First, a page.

Feminism’s Issues With River Song

Warning:

 River-Song-Spoilers

River Song first appeared on Doctor Who in 2008 in the episode “Silence in the Library”.  From the very beginning we realize that River Song has known the Doctor for a long time, and has gotten quite close with him, even though this is his first time meeting her.  It’s not too long after that we learn that River Song is the Doctor’s wife.  Fast forward a few seasons and a new Doctor and River Song’s backstory becomes even more complicated.  Before she even knows who the Doctor is she’s been trained to kill him.  Before that she’s in a different body and posing as her parents’ best friend back in high school.  And before even that, she isn’t River Song at all, but Melody Pond.  

You’d think such a complicated backstory would lead to a thoroughly complex character who’s interesting and emotive, and you’d be right… for the most part.  River Song is an extremely interesting character with several different storylines and plot points.  She’s strong and as intelligent, if not more intelligent and witty as the the Doctor.   She’s incredibly fierce, but not lacking in emotion either.  

Honestly, I could go on for hours about how great River Song is and delve for eternity into her backstory and timeline.  There’s just one thing about River that makes some feminist fans shake their heads.  And that is; why River Song is in Doctor Who at all.  Her appearance in “Silence in the Library” only creates more questions about the Doctor and who he really is.  In “The Impossible Astronaut” she’s there to kill the Doctor.  Her big role in “Let’s Kill Hitler” was to poison the Doctor then revive him again.  It might start to become clear: she’s there for the Doctor.  

Unlike the Doctor’s companions, River Song’s entire life revolves around and leads up to the Doctor.  She’s there to be the Doctor’s wife.  She’s there to kill the Doctor.  She’s there to save the Doctor.  She’s never in an episode where the Doctor’s fate or love interest isn’t her.  And that’s a problem.  No matter how complex her storyline is, or how interesting she is, we can’t ignore the fact that her sole purpose on the show is to be there as a plotpoint for the Doctor.  

I love River Song’s character.  I think she’s an absolutely brilliant character.  But what I, and many other feminist viewers of the show want is for River Song to be there for herself, not just so that the Doctor has someone to save, kill, or kiss him.  River Song’s already complicated backstory is a perfect opportunity to include plot points where River is there for herself.   

Advertisements

Diversity in Doctor Who

Since Doctor Who rebooted in 2005 it has made strides in representing diversity on television.  Strides that can’t be said for many other television shows.  We open with episode one, “Rose” set in England, 2005, on a rare scene for television.  Rose is a working class woman who really is working class, not a dramatized version of this.  She lives in a small apartment with her single mother and wakes early every day to clock-in at her job in a department store.  She’s casual, dressing in clothes that certainly aren’t the height of fashion for the time, she isn’t dolled up in makeup only a professional could do, and what’s more; she isn’t the tiny waisted, long-legged pretty girl we’re used to seeing on TV.  Rose sets the pace for the growing diversity we’re about to be treated to in “Doctor Who”.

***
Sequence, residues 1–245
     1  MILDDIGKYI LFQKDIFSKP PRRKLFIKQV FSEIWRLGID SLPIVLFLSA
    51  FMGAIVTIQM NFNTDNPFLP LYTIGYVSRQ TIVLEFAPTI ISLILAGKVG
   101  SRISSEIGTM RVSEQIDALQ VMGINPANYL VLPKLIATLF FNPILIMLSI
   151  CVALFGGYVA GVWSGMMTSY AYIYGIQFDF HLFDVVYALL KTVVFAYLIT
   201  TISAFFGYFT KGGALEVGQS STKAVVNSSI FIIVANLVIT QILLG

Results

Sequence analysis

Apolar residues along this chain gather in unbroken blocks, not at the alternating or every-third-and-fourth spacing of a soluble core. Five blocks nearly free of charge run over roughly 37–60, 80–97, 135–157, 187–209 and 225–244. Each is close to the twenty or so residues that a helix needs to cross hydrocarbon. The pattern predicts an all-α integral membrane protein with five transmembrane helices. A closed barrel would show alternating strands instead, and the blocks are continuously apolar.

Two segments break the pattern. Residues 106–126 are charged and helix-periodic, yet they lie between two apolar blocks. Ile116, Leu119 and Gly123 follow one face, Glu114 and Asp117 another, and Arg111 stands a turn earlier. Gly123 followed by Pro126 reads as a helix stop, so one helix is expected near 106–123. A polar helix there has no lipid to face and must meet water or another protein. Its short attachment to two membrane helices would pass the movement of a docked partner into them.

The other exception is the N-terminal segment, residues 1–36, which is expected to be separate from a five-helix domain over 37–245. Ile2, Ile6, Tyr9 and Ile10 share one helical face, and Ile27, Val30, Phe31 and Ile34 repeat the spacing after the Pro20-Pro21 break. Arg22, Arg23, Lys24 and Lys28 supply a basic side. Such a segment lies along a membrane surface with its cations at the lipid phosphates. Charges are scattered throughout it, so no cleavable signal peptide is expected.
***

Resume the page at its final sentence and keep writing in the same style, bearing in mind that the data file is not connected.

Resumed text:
Not long after we get Captain Jack Harkness, the first openly pansexual in the history of “Doctor Who” who equally and openly shows attraction to men, women, aliens, and the non-gender conforming.  This was a huge leap for sexual and romantic diversity in “Doctor Who”, and one of the very first times queer people could see themselves in a character on television that wasn’t harmful.  

Next comes Martha, the first black companion on “Doctor Who”.  She’s intelligent and able to keep up with the Doctor’s rambling better, perhaps, than most other companions.  For people of colour, Martha is a big deal.  She’s a strong, woman of colour, in a leading role on one of the most popular television shows of all time.  With Martha, the television series continues to push forward for more diversity in their cast.

The next three companions, Donna, Amy, and Clara continue to portray strong female leads with diverse histories and personalities.  Along the way we meet a couple more sexually diverse characters, and characters from all different walks of life.  

Now we come to the most recent companion, Bill, who is both a woman of colour and openly gay.  She is one of the very first leading characters like this on television, a huge influence for women, people of colour, and members of the LGBTQIA+ community.  We finally have a leading character that many minorities can view themselves in in a positive way.

Soon we’ll be treated with something that came unexpected: a female Doctor.  Jodie Whittaker will soon take on the role of the Doctor and make history as the first female Doctor.  Many people are very excited about this.  We get a leading female, and also confirmation that Gallifreyans, or at least the Doctor, experience gender fluidity, which could be a nod toward the transgender community.

But when it comes to diversity, is it enough?  Though Doctor Who has done a great job positively representing different groups of people, we still are left itching for more.  Several groups who wish to see any kind of representation on television have been left out.  Doctor Who has come a long way, but I believe it can, and should, go much farther.  I hope that as the episodes continue to air we will continue to see a rise in representation in the cast.